‘Going Home’ takes you to a better place

David Penhallow-Scott said he saved the best for last in his quartet of plays about a Hawaii family and plantation life before the attack on Pearl Harbor and the years that followed.

He was right.

“Going Home,” presented by Kauai Community Players is, in a word, excellent. From the opening scene when Eudora Whitney (played by Jennifer Cullen) walks on stage to the finale, this play has what you want and what you hope for: Good pacing, sharp dialogue and real emotion. Never drags. Never misses. This is Penhallow-Scott’s finest writing, and it all comes together in this production directed superbly by Steve Whitney.

Going Home takes the audience for a ride marked by ups and downs of the characters, some you’ll like, some will make you mad. There is joy, there is anger, there is hope, there is sarcasm and there is crushing disappointment. It all leads to an ending that brings things together, perhaps as we hoped, and lets the audience share a collective sigh of relief.

The conversations that play out in Going Home are very much the kinds of conversations any of us would have. The cutting comments, the jokes, the cries for help, the wise advice of friends, bounce back and forth and keep the audience waiting for what’s next.

It helps, of course, that a fine, seven-member cast delivers strong, believable performances.

Before continuing, let’s set the stage of how we reached Going Home.

It started with “Banzai Darling,” followed by “Emma’s Last Dance” and “Matilda’s Waltz.” In the fourth and final episode, World War II has ended and Eudora, the play’s protagonist and widow of the manager of Aiea Plantation on Oahu, struggles to make a new life for herself against powerful forces trying to stifle her new independence.

Just when it seems Eudora has found happiness following the death of her husband a year prior, her emotionally troubled children, Peggy Whitney (played by Erin Gaines) and Lowry Whitney (played by Jarhett Gaines) are worried about losing the allowance they receive from her and oppose her marriage plans.

Sadly, desperate to salvage her relationship with her adopted son and daughter, she listens to them.

Cullen has the key role and meets the challenge. She displays a range of emotions — joy, hurt, hope, despair, vulnerability — and really is the glue of this play. The story rises and falls with this character and Cullen brings it to new heights. You can feel the anguish she displays in one of the final scenes.

Dottie Bekeart plays Louise Proctor. Her stage time is short but effective. The speech she delivers to Eurdora late in the story, trying to snap her out of her sense of surrender, is tough love. The comment about stepping in dog poop and another about the “Wong name” are laugh-out-loud funny because of the ease and smile with which she delivers them.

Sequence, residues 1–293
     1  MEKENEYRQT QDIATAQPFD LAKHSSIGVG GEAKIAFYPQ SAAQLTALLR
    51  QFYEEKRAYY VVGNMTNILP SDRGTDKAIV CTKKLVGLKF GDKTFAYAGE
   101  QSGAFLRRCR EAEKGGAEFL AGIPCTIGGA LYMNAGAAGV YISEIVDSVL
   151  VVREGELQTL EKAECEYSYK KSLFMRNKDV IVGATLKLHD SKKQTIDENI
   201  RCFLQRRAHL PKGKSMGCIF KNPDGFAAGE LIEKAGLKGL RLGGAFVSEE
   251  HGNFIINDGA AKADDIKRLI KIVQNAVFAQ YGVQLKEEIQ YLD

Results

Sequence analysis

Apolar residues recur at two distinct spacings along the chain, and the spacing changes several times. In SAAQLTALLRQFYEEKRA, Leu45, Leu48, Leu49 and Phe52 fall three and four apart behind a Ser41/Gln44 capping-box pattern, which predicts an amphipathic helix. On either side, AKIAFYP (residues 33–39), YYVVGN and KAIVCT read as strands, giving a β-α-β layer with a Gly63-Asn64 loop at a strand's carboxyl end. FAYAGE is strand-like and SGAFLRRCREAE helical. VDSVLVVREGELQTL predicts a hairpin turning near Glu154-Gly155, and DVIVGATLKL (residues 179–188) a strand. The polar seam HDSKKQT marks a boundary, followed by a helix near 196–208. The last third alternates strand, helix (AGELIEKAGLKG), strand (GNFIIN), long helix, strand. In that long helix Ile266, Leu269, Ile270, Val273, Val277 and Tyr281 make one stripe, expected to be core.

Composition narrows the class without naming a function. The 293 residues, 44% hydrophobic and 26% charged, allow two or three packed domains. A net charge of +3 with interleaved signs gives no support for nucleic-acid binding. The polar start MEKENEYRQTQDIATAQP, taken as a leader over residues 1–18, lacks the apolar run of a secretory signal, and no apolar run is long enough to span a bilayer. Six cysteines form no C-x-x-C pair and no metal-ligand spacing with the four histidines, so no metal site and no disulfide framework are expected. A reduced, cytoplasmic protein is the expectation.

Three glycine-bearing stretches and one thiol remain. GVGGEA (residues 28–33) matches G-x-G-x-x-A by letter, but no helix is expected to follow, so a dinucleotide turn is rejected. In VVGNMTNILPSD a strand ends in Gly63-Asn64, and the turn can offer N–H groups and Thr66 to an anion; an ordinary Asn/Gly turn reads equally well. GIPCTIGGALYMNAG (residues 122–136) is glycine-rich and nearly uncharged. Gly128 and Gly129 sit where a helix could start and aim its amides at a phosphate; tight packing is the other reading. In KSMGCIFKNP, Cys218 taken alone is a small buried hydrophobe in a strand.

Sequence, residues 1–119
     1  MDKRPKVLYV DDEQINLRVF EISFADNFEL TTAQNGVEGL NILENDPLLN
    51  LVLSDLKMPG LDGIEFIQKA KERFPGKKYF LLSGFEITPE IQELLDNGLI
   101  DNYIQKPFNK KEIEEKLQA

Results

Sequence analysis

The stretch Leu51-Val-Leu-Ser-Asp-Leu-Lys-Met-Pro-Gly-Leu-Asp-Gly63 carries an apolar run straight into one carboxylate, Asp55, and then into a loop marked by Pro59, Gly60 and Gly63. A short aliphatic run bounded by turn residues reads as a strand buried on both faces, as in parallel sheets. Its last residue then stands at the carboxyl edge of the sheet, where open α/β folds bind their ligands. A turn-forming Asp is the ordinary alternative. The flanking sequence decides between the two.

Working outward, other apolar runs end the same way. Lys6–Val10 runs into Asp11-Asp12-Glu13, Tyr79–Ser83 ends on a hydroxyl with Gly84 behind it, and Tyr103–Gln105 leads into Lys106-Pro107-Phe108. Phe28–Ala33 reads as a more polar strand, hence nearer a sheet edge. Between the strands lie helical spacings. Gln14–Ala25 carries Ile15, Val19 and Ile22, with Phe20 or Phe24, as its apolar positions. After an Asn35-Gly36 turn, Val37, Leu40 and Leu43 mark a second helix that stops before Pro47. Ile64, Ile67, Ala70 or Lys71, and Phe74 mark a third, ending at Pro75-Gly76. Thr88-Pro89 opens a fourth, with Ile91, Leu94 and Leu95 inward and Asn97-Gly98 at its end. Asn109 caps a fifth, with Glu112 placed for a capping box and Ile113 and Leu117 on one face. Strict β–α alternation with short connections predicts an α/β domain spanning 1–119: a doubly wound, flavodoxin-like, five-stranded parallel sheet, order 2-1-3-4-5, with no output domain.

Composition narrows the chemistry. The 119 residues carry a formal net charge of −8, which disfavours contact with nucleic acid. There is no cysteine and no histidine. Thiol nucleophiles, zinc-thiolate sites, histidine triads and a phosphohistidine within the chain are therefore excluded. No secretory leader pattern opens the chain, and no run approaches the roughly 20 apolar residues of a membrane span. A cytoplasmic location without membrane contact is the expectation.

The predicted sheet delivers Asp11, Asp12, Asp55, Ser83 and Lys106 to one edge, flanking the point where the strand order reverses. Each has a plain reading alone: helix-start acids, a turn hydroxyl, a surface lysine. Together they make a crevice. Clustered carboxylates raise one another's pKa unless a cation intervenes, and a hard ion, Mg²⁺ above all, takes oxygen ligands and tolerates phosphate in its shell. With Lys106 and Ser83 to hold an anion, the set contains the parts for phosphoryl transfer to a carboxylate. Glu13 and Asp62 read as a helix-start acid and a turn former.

Ron Wood plays Eurdora’s love interest, Hank Wong. He is strong, sensible and smart. When he tries to convince Eudora to marry him and let her grown children earn their own way, you cringe when she rejects this fine man. He is crushed and it shows. But, fortunately for Eudora, he is not gone for good.

The husband and wife team in real life, Jarhett Gaines and Erin Gaines, nail their roles as the troubled, indifferent, grown children.

Jarhett Gaines delivers a strong performance. His character, Lowry Whitney, has you thinking he will come around and rally to Eudora’s side, as he seems to be the most thoughtful and likable of the two. There is hope he turns out to be a good guy, but in the end he walks away to return to a life of desperately seeking love.

Peggy Whitney, played by Erin Gaines, is flat selfish, nasty and self-centered. It’s clear she cares for no one but herself. Penhallow-Scott wants the character of Peggy Whitney to be completely unlikable, and thanks to Erin Gaines she is. Like Lowry, there is one fleeting moment she gives that shows a soft side and reason to believe she will stand by Eudora’s side, but that moment disappears, never to return.

Matt Feeser plays Paul Glaser, Lowry’s love interest. This is another unlikable, rude, manipulative character. Paul struts and grins and pouts, when necessary, to get his way. When Feeser comes on stage, he makes this character so real and hurtful that we’re glad to see him finally go away.

Stacy Ramos, as Julie Thronus, almost steals the show. She delivers many of the lines and facial expressions that leave the audience chuckling, particularly as she mutters in Pidgin under her breath as she walks off stage during her scenes. Her delivery of Pidgin is spot-on. And if there’s one character in this play you always cheer for, it’s Julie. She is strong-willed, opinionated, feisty, and yet loyal to Eudora right to the end, and gives the audience one more reason to be glad she’s there.

Kudos go to Steve Whitney for directing this fine play. He keeps the story moving, the characters changing and the plot evolving. With the rearranging of the stage and seating at the Puhi Theatrical Warehouse, the audience is put right in the middle of this play, and it works. We connect with the characters whether we want to or not.

And finally, well done to David Penhallow-Scott. This man, raised on Kauai, today lives in Hilo. He has numerous publications to his credit, including his most recent book, “Murder with Aloha at the Coco Palms Hotel.” He poured his heart and soul into this final play of the Whitneys and it shows. His experience in life makes this work.

If you want to see Going Home, hurry to get your tickets. It wraps up this weekend, and Saturday’s and Sunday’s shows are already sold out. Seats are available for Thursday and Friday. Buy them at kauaicommunityplayers.org.


Bill Buley is editor-in-chief of The Garden Island.


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